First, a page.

email is the new snail mail

interesting article here on how, for teenagers and young 20-somethings, email is a dinosaur. well, an occasionally necessary dinosaur — for when they need to communicate with dinosaurs. texting, primarily, as well as social-networking sites like myspace and facebook, have shoved email off the map.

”Everyone sends e-mails because you have to e-mail your instructors, you have to e-mail your grandma, that’s the way the world works,” he said. But, he added, ”it’s sort of an old fogey way of communicating.”

the article, i believe, wrongly identifies the “hipness” of texting and social-networking sites as the reason. it’s not the sexiness of those things, it’s the immediacy of those things. email still has a “wait for a response” factor. texting is now. whenever, wherever.

i noticed this a few years ago in england, when texting was already extremely normal and popular there, but still gaining a head of steam in the u.s. i asked a few teenagers and youth workers about it, and they all told me that texting was the only way kids communicated (well, and actual phone calls, of course). and their reasons were clear: email is too slow. and it (email) doesn’t really fit the culture of immediacy, since it requires sitting at a computer that’s hooked up to the internet (unless the user has an email-enabled phone, which are normally too expensive for teenagers).

here’s what i found the most interesting about this, from a youth worker’s perspective: no one predicted this. really. i NEVER once heard a youth expert say that email was going to live as short a lifespan as it did with teenagers. we youth experts were still caught up in pontificating about chat rooms (ha! what happened to those!), and dreaming of ministry apps for that now-archaic connecting place. this is a great reminder to me that we (that i) do not know what’s next; that i do not know if the stream of youth culture will cut left or cut right. all i can really predict, in some ways, is that youth culture will continue to surprise us.

related: teen texting champ wins $25,000 for texting “supercalifragilisticexpialidocious” in 15 seconds. she estimates she sends 8000 text messages per month.

(ht to ypulse/anastasia)

8 thoughts on “email is the new snail mail”

  1. I’ve noticed this with my teens for some time now. Only a few teens and their parents read my email newsletter anymore.

    Myspace is king of online communication for teens today. I have started a myspace for my student ministry, and when I have an announcement, I post a bulletin for all to read. I get a greater response from Myspace than I do from email.

    I guess it’s our job as youth leaders to communicate with our teens any way that they communicate with their friends. I just hope this MySpace fad blows over, because the site is horrible (bad design, super unsecured).

  2. I agree that texting and sites such as Facebook and MySpace are the way to go. I too have a Facebook and MySpace page for my youth ministry. I believe in texting so much that I had our Business Administrator add texting to my cell plan. I do not send out nearly as many texts as my youth do, but on average I receive about fifteen text a day from my students. Additionally, I added a message board to my webpage that is a total bunt. The kids hardly ever utilize it.

    Erik, I agree that MySpace is pretty trashy, but it is a medium that meets our youth where they are. If I had my druthers, I would certainly go with Facebook over MySpace; if only because the ads aren’t as racy…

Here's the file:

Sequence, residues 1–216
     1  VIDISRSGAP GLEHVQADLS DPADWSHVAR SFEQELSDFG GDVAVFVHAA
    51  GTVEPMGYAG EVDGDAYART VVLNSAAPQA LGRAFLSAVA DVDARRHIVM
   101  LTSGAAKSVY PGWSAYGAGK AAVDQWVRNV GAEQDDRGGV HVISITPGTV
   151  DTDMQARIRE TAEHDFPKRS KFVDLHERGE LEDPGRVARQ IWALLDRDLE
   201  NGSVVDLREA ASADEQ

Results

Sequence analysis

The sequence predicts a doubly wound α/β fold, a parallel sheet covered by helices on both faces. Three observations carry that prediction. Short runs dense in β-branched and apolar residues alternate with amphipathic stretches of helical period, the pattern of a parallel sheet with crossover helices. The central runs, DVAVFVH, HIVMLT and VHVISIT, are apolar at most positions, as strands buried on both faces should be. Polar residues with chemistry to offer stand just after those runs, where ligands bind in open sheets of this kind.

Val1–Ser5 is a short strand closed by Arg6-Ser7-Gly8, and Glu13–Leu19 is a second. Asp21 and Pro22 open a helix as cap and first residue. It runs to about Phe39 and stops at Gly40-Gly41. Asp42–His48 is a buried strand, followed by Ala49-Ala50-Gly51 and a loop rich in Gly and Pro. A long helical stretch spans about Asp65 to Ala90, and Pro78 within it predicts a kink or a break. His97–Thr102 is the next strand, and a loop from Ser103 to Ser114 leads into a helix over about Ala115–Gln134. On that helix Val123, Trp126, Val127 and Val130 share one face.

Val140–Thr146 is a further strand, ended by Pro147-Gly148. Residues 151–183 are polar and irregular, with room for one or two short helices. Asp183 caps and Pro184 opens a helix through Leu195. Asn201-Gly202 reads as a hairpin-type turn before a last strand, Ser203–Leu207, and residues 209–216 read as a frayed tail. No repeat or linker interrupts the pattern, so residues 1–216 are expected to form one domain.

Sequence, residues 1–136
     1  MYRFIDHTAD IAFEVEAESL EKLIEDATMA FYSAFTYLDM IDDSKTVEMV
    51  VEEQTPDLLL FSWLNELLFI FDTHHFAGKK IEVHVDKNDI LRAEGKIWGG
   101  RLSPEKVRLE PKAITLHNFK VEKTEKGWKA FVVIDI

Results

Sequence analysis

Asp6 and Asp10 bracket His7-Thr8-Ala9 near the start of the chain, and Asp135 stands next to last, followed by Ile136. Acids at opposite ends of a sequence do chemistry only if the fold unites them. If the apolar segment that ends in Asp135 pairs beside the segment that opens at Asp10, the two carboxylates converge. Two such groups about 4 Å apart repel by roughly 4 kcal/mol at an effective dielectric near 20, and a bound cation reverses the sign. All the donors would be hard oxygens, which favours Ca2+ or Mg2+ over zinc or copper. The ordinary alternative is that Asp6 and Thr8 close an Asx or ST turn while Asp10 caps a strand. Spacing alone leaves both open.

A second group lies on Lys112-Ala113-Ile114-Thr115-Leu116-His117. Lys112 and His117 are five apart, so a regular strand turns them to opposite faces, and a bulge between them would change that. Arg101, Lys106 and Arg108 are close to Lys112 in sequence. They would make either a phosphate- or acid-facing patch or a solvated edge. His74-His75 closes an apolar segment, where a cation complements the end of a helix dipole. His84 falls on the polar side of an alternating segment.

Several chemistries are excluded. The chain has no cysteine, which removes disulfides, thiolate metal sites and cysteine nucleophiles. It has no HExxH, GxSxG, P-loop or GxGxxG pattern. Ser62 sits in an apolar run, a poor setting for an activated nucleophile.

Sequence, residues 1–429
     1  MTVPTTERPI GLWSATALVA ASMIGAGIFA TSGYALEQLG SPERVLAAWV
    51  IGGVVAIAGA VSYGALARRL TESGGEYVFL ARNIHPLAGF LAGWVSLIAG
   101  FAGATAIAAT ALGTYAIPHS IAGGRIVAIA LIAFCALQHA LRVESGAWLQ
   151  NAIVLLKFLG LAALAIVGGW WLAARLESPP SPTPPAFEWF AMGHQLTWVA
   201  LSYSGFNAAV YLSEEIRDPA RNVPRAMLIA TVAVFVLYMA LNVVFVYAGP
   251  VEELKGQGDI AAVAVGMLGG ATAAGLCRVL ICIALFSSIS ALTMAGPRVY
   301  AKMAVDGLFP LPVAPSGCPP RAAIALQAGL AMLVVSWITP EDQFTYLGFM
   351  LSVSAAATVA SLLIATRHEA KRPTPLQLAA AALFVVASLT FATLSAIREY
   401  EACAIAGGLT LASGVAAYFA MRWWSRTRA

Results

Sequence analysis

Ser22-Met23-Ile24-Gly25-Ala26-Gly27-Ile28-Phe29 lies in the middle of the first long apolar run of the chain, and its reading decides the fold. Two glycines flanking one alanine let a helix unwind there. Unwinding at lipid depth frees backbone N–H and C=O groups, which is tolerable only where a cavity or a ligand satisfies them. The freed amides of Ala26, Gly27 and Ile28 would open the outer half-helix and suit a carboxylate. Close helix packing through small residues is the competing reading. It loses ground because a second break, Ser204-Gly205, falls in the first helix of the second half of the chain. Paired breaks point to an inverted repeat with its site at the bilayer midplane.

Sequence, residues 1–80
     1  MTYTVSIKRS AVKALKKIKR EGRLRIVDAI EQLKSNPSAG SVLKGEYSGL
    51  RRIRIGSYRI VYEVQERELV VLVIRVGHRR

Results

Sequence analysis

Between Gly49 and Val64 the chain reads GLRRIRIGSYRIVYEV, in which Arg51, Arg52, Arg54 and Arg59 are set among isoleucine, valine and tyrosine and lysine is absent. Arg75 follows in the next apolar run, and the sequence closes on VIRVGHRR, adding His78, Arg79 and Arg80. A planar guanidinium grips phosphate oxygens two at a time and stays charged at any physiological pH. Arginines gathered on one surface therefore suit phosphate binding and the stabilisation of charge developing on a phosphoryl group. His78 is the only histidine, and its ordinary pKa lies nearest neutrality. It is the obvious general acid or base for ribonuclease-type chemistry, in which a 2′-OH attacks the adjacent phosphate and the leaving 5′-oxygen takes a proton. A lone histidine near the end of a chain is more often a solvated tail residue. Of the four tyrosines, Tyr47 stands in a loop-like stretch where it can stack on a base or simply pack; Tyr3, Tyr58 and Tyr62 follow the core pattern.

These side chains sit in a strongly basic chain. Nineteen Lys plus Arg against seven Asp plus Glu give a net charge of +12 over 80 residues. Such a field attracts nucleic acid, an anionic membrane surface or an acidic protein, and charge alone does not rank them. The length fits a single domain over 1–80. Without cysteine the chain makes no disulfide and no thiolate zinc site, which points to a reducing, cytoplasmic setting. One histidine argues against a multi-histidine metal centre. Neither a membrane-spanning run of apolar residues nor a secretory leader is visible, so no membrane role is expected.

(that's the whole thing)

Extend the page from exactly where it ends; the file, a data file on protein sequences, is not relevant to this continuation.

3. I think we need to consider that this is also tied into proxemics. You dont text people you dont know well, in some way you email them instead.

  4. I did some mkt research with 17-24 a few months back – they noted that email is for old people. One boomerang was the impact that is having on “older people” who deal primarily with 17-24. We got feedback from >1k students that they prefer what one might call contextual communication (w/in a social network or an application) to the email paradigm.

    It will be interesting to track how this influences preaching & teaching style. The volumne of communication is much greater, putting the onus on people (pastors, those who view ministry formally) who are more comfortable being a sage on the stage, than a guide on the side (to paraphrase Parker Palmer).

  5. some of my student leaders are still caught between texting and emails. most of my students have unlimited texting, but for the ones who don’t, email remains a viable backup. myspace is always a decent option, though i’d much rather chat with one of my kids in AIM than a back-and-forth chat in myspace. not big on myspace IM program so far.

    but your point is well taken, marko. when i was living in europe in 2000-2001, texting was pretty big there already (in greece). when i got back to the states, almost no one knew what it meant to “text” someone. it’s a nice edge we walk: we can’t get caught in the trap, as youth workers, of thinking we have to “be” youth anymore, yet we must remain aware and engaged with the culture of youth. such an incredible challenge!

    oh, and a few months ago, i went to unlimited texting. last month, had something over 1,000 texts. wow…

  6. So what’s happening with our youth ministry friends and with students on the other side of the pond these days? What has become of 4-5 years of texting over emailing? What are they morphing into now?

  7. Texting is the in thing to do now…but it has caused us to lose the art of conversation. Imagine being told that your baby will be aborted over a text message – true story of someone I’ve ministered to…Texting is ok, but face to face is always better.

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